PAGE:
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The history of Nunavik dates back thousands of years and has been passed down from generation to generation of Inuit people.

Archeologists believe that groups of Palaeo-Eskimo, Dorset Eskimo, Thule and Inuit peoples progressively spread across Nunavik over the last 4,500 years. The Thule, who are the direct ancestors of the Inuit, arrived in the area around the year 1000 C.E. Effective survival techniques allowed them to thrive in the harsh Arctic climate. With a primarily nomadic lifestyle, the Thule lived along the coast and relied on hunting—and ingenuity—for their subsistence.

Similarly, the Inuit way of life is also closely linked to the natural environment and its resources. Keenly aware of how fragile the northern ecosystem is, the Inuit have always been avid environmental stewards.


Contact between the Inuit and European settlers began in the mid-19th century, though many Inuit continued to live as their ancestors did well into the 20th century. Missionaries and fur traders were the first southerners to venture into the North, bringing with them different values, new customs and excellent tools for hunting, fishing and trapping.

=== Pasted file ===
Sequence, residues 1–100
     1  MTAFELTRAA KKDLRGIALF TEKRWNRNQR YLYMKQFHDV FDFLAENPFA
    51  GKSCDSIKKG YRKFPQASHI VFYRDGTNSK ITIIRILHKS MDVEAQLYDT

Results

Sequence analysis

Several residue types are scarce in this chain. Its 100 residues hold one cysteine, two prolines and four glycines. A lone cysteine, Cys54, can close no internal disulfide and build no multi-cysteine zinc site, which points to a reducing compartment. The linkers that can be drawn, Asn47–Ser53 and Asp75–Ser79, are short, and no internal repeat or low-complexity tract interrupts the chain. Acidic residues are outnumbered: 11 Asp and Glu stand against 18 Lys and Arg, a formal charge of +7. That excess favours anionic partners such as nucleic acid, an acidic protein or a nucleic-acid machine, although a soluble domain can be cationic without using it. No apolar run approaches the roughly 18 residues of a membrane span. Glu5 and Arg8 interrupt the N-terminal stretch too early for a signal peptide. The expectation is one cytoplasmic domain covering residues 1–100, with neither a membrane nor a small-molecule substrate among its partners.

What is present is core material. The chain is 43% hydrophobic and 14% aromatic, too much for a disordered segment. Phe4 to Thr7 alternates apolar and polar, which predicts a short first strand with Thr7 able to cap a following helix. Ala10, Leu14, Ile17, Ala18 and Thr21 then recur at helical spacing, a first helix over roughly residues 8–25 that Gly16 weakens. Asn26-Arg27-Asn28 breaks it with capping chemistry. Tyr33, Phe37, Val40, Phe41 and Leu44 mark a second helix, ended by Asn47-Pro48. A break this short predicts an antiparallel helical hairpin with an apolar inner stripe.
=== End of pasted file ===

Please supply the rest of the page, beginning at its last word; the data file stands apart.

It was only when government was introduced to the North that irreversible change occurred. The Inuit gave up their nomadic lifestyle for good and established community settlements.

The James Bay and Northern Quebec Agreement, signed in 1975, is widely recognized as the first modern-day land claim treaty in Canada, establishing Inuit ownership of land in Quebec’s Arctic as well as other rights. The Agreement protects traditional rights of Nunavik’s Inuit people and lays the groundwork for respectful relations between the Inuit and the governments of Quebec and Canada. The Agreement covers a wide range of topics, including hunting, fishing, trapping, education, health, economic development and public administration.​

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